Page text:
Sometimes a Few Words Can Change You: “Elder Mantras”

I’ve spent a lot of time over the past six years interviewing the oldest Americans about their lessons for living — advice they would like to pass on to future generations. As described in the book 30 Lessons for Living” the elders have outstanding advice on the “big picture” issues: love and marriage, child-rearing, choosing a career, health and of course, aging well.

One of the biggest surprises for me, however, has been the influence that a few profound thoughts or phrases have had on me. When confronted with a work problem, a stressful event, or just the usual tension that can build up during the day, I find that the voice of one or another of the elders will come to me and help me re-think the situation. I’ve come to call these my “elder mantras.”

Here are a few of these “mantras” that I find particularly helpful, all from wise people in their 80s and beyond. They reflect some of the core elements of elder wisdom.

Swimming in the sea of life

Paul, 85, had a successful and high-powered career as an architect. After both a hectic career and personal life, he has found old age to be a time of both clarity and serenity. When asked: “What have you learned during your life that you would like to pass on to a younger person,” he said: “I’ve learned how to swim. ”

That was a surprise, and when questioned, Paul went on:

I’ve learned how to swim. In life. I’m not a particularly good swimmer in water, but I’m a reasonable swimmer in the flow of living.

 This image of learning to swim in the river of life, of going with the flow of living, is a powerful and serene image when called up during a busy day.

Let it be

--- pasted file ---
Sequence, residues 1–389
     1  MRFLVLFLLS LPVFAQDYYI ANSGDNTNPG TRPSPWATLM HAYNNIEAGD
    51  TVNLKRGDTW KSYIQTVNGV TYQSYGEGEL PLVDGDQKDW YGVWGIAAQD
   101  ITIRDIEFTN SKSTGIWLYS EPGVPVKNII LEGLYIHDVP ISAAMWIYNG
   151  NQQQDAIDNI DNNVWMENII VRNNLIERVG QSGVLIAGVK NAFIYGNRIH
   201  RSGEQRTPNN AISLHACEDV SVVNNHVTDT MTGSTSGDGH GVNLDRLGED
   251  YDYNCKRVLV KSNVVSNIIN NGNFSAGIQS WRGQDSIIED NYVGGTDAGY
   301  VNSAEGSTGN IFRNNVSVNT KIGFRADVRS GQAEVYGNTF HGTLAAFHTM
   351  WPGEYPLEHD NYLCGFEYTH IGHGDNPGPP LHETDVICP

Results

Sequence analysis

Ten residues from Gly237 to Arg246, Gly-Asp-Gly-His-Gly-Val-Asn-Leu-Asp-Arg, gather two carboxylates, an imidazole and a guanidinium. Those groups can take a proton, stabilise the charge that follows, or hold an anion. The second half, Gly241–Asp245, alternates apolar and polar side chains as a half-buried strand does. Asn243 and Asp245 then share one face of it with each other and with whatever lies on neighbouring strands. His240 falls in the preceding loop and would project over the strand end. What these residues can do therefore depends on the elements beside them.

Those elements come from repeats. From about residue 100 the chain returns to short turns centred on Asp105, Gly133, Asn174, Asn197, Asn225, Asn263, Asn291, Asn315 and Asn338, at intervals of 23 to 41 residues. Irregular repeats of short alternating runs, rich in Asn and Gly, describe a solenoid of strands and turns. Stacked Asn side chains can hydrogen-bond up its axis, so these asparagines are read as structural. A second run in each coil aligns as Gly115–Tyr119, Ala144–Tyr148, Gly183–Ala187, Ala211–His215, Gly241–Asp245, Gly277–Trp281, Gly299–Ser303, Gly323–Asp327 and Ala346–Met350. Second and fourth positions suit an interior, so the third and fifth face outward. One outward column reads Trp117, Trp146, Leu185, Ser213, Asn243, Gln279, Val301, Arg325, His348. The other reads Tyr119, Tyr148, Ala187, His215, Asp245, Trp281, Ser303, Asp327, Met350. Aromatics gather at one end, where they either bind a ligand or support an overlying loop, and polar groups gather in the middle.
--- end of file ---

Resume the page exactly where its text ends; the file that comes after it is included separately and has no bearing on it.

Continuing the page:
This mantra comes from Sister Clare Moran, whom I interviewed shortly before her 100th birthday. (I can’t give all the details here, but believe me when I say: If you want to hear about an interesting life, sit down for a while with a 100-year old nun!)

Reflecting on her nearly 80 years in the religious life, Sister Clare pointed to doing away with worry as her lesson for younger people. Early in her career as a nun, she learned a technique for reducing worry through pursuing acceptance:

There was a priest that said mass for us, a youngish priest, very fragile and frail. Beautiful, beautiful man. He said that at a certain time of his life, something happened; he didn’t tell us what it was. I heard that he had been working on a mission and they asked him to come back to the States and it broke his heart. It must have been a very hard thing to do. And he was very angry, he just couldn’t be resigned, just couldn’t. He got back into work here, but he couldn’t get his mind off it. Just couldn’t see why it had happened.

So he went to an elderly priest and he talked to him about it. He said, “What shall I do? I can’t get rid of it.” And the priest said, “Every time it comes to your mind, say this.” And the priest said very slowly, “Just let it be, let it be.” And this young man was saying it just the way the priest said it and he said, “I tried that and at first it didn’t make any difference, but I kept on. After a while, when I pushed it aside, let it be, it went away. Maybe not entirely, but it was the answer.”

 Sr. Clare, one of the most serene people I have ever met, has used this technique for well over three-quarters of a century.